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Finding a Partner in Ministry Across the Street

March 5, 2014

When HiRho Park wanted to provide opportunities and support for clergywomen in Latin America, she encountered one big problem. There aren’t many ordained clergywomen in Latin America.

In January, with a little help from a good neighbor in Nashville, Tenn., Park coordinated a historic event: The Latin American and Caribbean Methodist Women Leadership Conference.

By partnering with The Upper Room, a ministry of the General Board of Discipleship of the United Methodist Church, the Director of Clergy Lifelong Learning of the General Board of Higher Education and Ministry was able to what seemed impossible.

There are currently only two Methodist ordained clergywomen in Ecuador, three in Perú, eight in Chile, none in Costa Rica, less than 10 in México, one in Panamá, and about 20 in Argentina. 

In recent years, Park had coordinated large gatherings of United Methodist clergywomen in other regions around the world. Nearly 300 clergywomen received support and consultation in the Philippines in 2011. More than 350 gathered in Africa in 2012. Attendance for these central conferences was not an issue; they were only lacking the resources to provide a high level of networking and leadership development for their clergywomen.

Then came a request from Latin America.

"HiRho, can you provide such an event for Latin American women?" asked Guillermo Yoshikawa, president of the Peruvian United Methodist Church during the 2012 General Conference.

Park explains, "Every region has its own culture and complications, of course, but when Dr. Yoshikawa expressed interest in our work for women, I was overjoyed.”

Because of her worldwide travels connecting with various publishing partners of The Upper Room, Publisher Sarah Wilke was eager to partner with Park. The Upper Room daily devotional guide is distributed in 100 countries, in 35 languages, including a Spanish edition (El Aposento Alto) and a Portuguese edition (no Cenáculo). In nearly every Latin American country, there are men and women giving time and service to help translate and distribute the devotional guide to their home countries.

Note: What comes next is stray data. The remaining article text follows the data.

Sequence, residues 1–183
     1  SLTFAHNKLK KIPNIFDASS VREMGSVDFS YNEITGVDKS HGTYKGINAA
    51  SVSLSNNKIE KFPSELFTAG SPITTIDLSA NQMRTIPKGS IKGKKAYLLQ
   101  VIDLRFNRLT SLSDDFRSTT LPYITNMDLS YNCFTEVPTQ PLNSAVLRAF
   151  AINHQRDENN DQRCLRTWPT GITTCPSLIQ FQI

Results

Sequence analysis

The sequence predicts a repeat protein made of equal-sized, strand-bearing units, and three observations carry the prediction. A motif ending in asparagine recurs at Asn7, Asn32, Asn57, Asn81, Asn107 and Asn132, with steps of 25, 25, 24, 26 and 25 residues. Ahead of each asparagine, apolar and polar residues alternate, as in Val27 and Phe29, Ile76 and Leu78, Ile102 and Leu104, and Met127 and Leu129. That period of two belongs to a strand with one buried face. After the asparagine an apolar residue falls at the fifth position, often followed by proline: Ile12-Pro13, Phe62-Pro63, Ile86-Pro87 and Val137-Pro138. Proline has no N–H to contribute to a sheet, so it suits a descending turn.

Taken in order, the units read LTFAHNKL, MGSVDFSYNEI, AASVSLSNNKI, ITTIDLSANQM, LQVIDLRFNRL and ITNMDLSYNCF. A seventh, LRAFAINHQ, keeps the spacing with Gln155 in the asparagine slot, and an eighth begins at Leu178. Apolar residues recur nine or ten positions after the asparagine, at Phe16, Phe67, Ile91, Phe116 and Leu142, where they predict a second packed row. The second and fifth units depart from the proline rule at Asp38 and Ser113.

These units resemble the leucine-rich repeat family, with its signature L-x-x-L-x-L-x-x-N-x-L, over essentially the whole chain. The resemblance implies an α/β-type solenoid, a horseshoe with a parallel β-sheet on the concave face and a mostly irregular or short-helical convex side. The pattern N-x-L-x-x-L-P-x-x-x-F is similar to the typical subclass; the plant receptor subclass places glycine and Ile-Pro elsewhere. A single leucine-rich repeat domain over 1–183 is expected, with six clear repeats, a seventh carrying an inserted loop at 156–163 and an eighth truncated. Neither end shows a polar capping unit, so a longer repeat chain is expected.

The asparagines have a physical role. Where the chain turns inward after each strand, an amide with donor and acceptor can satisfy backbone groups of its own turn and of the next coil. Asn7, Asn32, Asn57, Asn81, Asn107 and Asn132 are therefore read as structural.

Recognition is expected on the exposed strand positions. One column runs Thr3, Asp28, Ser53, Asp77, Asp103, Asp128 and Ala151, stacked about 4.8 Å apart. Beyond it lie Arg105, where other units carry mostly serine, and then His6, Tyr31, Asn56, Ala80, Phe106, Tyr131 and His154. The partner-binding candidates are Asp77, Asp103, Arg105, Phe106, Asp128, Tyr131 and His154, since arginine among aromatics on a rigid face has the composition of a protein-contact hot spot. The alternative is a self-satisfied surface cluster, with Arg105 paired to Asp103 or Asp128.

The United Methodist Women contributed $2,500 to the event and General Secretary Harriet Olson attended.

Wilke agreed to not only connect the GBHEM director with women leaders in the region; she agreed that The Upper Room would sponsor seven women, all individuals who facilitate the ministry of The Upper Room in their home countries.

Many phone calls, e-mails, and travel arrangements later, 75 women, representing 14 countries in Latin American and the Caribbean participated in a three day Methodist Women Leadership Conference at the Retreat Center of Kawai, Perú.

“The Methodist Church in Latin America is in a different than the US, Africa, Europe, and Asia concerning women’s journey to ordained ministry,” Park adds. “We need to open doors for Latin American women and help them envision what is next for them in their own culture and church.”

Workshops on the topics of violence against women, self-esteem, leadership skills, sexual abuse, universal history of women, women in leadership roles, discrimination of women in the church, and women in ordained ministry were made possible because of the collaboration between the various Methodist agencies.

“As good Methodists, we made connections!” said the Rev. Debbie Weatherspoon, minister of Los Altos United Methodist Church in Los Altos, Calif. “As a pastor serving a local church, I returned to my setting energized about the connection with the Upper Room, the United Methodist Women, the General Board of Higher Education and Ministry, and the Methodist Church in Latin America.”

“The Upper Room is where the world meets to pray,” said Wilke about why this event is significant to the ministry. “We always seek ways to deepen our relationships and commitments with international partners. Together, we create a worldwide network of prayer, a global ministry of connecting people to each other and to God.”

“From many contexts, many languages, and many countries,” Weatherspoon added. “God is good! Dios es bueno!”